If my husband had his way, he’d never shower or bathe. He says that he doesn’t need to or he just took a shower. His resistance can be quite emphatic, which is common in people with later stages of Alzheimer’s disease.
Bathing is a necessary, albeit challenging, component of Alzheimer’s care. Not only do the people around us appreciate cleanliness, it aides in the prevention of rashes, skin disease, and urinary tract infections.
But the reasons people with Alzheimer’s detest bathing are many. They no longer understand why they need to bathe.The concept of time is lost, so they may believe they just bathed. The process is confusing, and they don’t remember how to bathe.Their body does not regulate heat well which makes them feel cold. The sensation of the water on their body is uncomfortable. And,they may be embarrassed about being naked and needing assistance.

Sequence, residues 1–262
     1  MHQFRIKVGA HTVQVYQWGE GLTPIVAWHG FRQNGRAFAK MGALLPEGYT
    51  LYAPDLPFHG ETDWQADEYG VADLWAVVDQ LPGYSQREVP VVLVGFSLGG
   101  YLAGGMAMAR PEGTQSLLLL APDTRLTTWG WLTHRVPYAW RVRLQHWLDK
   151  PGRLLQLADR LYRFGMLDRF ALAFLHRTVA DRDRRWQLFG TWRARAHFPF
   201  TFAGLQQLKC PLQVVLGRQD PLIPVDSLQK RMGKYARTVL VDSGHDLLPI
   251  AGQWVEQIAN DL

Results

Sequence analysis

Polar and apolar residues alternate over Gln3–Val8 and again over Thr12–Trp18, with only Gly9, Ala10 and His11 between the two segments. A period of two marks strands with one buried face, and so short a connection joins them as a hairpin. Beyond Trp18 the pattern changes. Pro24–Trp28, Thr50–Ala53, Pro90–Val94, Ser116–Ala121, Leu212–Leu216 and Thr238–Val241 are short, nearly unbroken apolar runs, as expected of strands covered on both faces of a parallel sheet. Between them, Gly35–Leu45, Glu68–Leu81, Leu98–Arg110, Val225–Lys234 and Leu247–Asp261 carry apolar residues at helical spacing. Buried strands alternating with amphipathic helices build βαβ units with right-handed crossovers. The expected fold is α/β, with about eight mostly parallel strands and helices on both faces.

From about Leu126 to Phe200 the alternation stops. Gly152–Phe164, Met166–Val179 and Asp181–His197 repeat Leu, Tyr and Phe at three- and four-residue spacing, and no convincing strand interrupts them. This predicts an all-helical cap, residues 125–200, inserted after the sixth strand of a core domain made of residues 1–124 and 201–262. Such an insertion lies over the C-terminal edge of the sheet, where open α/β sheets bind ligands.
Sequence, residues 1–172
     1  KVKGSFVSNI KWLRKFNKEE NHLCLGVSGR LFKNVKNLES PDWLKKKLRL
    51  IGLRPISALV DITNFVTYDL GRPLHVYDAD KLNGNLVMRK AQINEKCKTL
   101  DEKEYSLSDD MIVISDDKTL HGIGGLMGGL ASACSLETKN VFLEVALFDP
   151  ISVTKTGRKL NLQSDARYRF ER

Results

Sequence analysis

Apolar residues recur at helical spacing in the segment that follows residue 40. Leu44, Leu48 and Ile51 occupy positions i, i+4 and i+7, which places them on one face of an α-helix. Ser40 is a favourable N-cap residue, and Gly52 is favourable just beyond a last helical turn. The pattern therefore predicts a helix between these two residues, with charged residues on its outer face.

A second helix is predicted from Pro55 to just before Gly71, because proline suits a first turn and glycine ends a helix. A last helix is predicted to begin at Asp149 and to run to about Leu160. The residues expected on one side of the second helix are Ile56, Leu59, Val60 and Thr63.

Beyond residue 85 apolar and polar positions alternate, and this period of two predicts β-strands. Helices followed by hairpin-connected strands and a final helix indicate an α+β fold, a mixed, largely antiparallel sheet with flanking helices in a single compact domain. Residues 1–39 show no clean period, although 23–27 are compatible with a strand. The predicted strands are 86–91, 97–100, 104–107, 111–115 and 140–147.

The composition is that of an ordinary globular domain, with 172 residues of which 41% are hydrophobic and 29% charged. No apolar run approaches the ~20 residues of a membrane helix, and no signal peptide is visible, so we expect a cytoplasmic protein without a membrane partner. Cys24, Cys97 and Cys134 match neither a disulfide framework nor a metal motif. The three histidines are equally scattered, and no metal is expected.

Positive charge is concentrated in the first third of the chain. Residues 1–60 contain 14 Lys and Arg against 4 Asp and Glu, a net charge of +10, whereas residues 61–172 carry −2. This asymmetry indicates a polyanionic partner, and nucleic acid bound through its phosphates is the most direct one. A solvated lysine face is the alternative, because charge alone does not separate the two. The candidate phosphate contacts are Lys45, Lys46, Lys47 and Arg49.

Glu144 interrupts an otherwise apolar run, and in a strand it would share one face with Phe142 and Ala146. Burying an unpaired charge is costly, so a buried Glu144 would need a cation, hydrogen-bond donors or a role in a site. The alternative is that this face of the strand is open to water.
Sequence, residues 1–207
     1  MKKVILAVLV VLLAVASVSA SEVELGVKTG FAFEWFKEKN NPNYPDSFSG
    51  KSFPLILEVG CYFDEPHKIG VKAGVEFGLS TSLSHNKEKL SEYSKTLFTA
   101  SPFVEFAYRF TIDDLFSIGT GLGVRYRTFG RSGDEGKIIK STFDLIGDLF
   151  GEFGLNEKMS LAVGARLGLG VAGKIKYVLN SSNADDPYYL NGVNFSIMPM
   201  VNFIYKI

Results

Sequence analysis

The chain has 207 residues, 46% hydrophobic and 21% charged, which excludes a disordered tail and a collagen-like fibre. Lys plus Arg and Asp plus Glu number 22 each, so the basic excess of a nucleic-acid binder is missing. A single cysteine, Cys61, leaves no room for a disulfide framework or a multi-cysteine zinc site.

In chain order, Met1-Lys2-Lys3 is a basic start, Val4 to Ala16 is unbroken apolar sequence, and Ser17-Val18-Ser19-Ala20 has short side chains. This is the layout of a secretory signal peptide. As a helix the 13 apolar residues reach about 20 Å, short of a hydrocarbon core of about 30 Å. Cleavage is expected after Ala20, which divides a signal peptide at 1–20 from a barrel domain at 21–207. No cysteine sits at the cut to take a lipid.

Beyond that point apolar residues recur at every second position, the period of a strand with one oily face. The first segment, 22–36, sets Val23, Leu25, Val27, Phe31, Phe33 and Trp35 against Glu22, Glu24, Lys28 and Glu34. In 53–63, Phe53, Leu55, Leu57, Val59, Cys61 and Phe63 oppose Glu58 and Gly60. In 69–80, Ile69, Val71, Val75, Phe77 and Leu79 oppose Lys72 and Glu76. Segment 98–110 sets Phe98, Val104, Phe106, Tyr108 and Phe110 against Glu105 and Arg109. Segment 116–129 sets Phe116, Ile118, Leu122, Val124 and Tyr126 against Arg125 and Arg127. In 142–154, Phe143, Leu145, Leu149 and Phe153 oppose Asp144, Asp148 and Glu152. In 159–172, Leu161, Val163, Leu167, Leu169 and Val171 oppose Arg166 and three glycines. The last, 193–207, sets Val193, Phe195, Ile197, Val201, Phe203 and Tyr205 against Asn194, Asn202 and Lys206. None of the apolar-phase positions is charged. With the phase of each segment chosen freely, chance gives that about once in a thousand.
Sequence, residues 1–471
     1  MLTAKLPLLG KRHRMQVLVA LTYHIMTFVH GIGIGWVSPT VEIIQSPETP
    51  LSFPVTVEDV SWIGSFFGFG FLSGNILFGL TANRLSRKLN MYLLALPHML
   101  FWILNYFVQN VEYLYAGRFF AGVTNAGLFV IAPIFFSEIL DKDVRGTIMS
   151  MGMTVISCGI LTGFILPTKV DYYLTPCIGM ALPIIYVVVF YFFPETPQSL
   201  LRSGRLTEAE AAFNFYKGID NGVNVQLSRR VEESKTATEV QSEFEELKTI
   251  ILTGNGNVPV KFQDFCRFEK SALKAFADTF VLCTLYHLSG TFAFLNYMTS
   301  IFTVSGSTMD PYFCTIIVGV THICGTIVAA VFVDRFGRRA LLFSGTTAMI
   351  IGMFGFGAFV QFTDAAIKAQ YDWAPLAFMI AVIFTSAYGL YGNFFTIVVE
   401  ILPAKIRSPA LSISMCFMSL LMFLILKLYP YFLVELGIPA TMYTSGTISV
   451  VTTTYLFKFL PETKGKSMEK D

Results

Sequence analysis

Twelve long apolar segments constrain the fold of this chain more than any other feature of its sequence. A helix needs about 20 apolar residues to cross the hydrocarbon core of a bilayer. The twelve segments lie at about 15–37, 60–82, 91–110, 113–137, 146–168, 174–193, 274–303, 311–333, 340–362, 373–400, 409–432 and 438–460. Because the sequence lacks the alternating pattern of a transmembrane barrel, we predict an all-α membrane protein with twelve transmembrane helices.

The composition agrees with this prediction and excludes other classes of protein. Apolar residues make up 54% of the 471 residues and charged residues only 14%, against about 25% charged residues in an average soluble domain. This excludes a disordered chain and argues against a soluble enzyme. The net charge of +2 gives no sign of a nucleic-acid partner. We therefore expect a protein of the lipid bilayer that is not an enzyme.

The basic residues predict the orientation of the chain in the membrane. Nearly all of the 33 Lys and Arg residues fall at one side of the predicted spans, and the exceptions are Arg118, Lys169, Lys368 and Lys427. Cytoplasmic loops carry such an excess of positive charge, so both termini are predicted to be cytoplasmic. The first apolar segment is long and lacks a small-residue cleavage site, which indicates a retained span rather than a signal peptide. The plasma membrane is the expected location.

Reasoning with someone with Alzheimer’s is not possible. An argument is sure to develop if we try to explain why a bath is necessary. But there are a few things we can do to make it a little easier for both the caregiver and bather.
Safety is a priority so, when showering, be sure the floor is covered with a non-slip mat, there is a bar on the wall to hold on to, and a chair is there for anyone who struggles to stand. The room and the water must be at a comfortable temperature. Playing soft music and offering a wash cloth or something to hold can add a distraction. Speak softly, respectfully, and directly to help move things along. And offer a bribe. If they know that a treat awaits them, they may be more eager to participate.
©2016, Mary K Doyle